Sun, 15 Jun 2003

Early childhood education key to success

Simon Marcus Gower, Contributor, Jakarta

As with many other areas of Indonesia's school system, the area of pre-school provision is mostly at an early stage of development. But more attention needs to be given and importance attached to helping little children along the path to beginning their formal schooling.

Pre-schools and playgroups have become more available but there is danger that these end-up grouped baby-sitting sessions rather structured and constructive in beginning little children's educational encounters.

There is clear scientific evidence to support the value of planned and managed pre-school programs. In the United Kingdom researchers have compared the performance of children that experienced playgroups with those that did not.

What they found is perhaps surprising but is a clear recommendation for pre-school provision. Children that did not attend some pre-school activity were found to get lower scores across most of their efforts. This included lower scores for language development, general intelligence, listening skills, mathematical understanding and reading ability.

The researchers found that children that had participated in a pre-school program were better able to organize and structure their thinking and achieve greater success.

Previously some had poured cold water on the benefits of pre- school. They suggested there was insufficient scientific proof of the value of pre-schooling and notions of its value were cast aside and even dismissed as "fuzzy science".

It was suggested that social scientists and psychiatrists were allowing conjecture and opinions to lead them, but times have changed and so have views on the value of well thought out pre- school planning. Less "fuzzy" fields of research have been applied to education. This has allowed people to recognize that pre-schooling is valuable. Brain research has examined the nature and importance to learning of the process of interaction with other people.

Academic skills emerge from the positive interactions that a child has. By engaging the child in positive interactions, learning is being fostered. Naturally the child will imitate, identify with and internalize the ways, actions and examples of those around it. Early interactions with people become important because they help to make sense of the world. Early (pre-school) learning can include development across a range of skills, which in turn can smooth the path towards academic development.

For example, each of the following can be developed through pre-school activity: Physical development will be helped, social and interactive skills will benefit, psycho-emotional skills will be enhanced, ethical behavior may be introduced, linguistic skills can be increased and intellectual and cognitive ability can be stimulated.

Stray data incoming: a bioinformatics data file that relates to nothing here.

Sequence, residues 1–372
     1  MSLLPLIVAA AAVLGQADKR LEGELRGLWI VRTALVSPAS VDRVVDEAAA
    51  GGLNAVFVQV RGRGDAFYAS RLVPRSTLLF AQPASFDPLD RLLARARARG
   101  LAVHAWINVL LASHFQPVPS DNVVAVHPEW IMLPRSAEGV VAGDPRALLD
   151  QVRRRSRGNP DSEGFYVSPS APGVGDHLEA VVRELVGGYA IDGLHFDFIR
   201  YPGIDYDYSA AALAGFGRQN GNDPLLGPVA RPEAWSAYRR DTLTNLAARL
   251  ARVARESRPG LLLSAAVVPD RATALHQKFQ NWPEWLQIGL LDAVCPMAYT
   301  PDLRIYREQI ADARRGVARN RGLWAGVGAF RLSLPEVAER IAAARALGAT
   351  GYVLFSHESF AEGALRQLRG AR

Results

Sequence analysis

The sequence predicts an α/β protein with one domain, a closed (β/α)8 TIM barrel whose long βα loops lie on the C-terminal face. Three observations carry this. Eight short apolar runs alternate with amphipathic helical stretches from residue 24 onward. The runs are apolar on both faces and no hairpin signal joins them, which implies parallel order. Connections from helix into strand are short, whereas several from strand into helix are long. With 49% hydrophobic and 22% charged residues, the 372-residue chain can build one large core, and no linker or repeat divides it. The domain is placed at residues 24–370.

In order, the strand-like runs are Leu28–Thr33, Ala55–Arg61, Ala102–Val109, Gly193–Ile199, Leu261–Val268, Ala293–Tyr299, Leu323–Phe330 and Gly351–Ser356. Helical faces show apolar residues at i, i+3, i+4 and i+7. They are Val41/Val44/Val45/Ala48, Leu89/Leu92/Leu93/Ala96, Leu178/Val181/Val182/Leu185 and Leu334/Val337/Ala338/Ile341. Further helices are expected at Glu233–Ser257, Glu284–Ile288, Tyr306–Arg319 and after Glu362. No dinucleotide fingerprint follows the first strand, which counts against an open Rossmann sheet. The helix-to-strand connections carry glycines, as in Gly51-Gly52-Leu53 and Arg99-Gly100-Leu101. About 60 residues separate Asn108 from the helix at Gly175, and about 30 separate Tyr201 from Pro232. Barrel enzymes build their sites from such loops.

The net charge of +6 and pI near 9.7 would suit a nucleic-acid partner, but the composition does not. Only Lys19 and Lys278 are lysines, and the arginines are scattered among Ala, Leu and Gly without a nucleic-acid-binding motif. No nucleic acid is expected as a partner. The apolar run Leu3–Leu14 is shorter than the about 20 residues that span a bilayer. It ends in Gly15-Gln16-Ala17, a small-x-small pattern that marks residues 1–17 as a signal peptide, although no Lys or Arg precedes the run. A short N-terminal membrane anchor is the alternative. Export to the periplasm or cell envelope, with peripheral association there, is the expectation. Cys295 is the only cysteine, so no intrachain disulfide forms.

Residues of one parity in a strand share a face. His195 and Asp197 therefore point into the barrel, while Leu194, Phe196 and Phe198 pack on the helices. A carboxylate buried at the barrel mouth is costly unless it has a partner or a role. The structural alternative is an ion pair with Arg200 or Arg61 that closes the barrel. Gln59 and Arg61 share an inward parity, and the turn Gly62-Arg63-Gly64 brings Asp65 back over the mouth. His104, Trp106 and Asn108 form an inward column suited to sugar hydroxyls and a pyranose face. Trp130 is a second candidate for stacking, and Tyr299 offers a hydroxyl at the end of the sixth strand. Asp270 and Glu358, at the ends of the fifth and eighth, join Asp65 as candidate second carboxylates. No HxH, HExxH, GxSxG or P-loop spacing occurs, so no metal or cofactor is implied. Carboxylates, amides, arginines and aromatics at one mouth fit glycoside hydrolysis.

Good early learning experiences will help to equip the child with the skills needed to easily start early school years. But these good 'early learning experiences' have to be properly managed. Educators have developed understanding of the value of play. To adults the idea of play is not one associated with learning. Generally, adults connect words such as relaxation, pastimes and hobbies to the word play but for little children play is a way of learning.

In pre-school groups, play must be constructively incorporated. They will play to interact with the world. Play to express their feelings and understanding of things. Play to mix with children and play to discover their abilities.

But this play should be well structured by the organizers of the playgroup. A good playgroup might have a variety of both indoor and outdoor toys for the children to play on and discover what they can do. But a good playgroup is not merely about the quantity of toys it has, it is more about the quality of the people that supervise the children.

This means that playgroup staff need to be trained in how to maximize the play - and so by definition learning for the children. It is an often-repeated misconception that teaching little children is easiest. It can prove the most demanding of educational challenges. Also, it is not sufficient for people to say that they love little children; they must be able to balance love with knowledge of what to do with children in a playgroup setting.

Take the example of one Jakarta-based playgroup. Although well equipped with indoor and outdoor facilities much of the learning opportunities that these facilities presented were lost because the staff members were not well trained to stimulate the children's responses.

Arguments and even fights would breakout because of poor supervision. The children were not learning the most basic of lessons of 'turn-taking'. They were allowed too much freedom and almost inevitably squabbles would breakout.

With supervision and a structured pre-school provision those children could have been learning in such a way that allowed them to develop social and interactive skills, ethical knowledge, self-awareness and even linguistic development in knowing when to ask permission from or give acceptance to a peer.

This is one example of how planned interactions at pre-school can help begin learning. Obviously there are no complete guarantees and a child's education is significantly dependent upon on-going good learning experiences and guidance through school but the value of pre-school learning cannot be overstated. The development of a child is influenced by early experiences. Future development builds upon the past and so placing positive learning early in a child's life may be hugely beneficial. A good education should be a positive life experience that empowers students.

The writer is Director of Research and Development, Harapan Bangsa School, Kotamodern, Tangerang, Banten.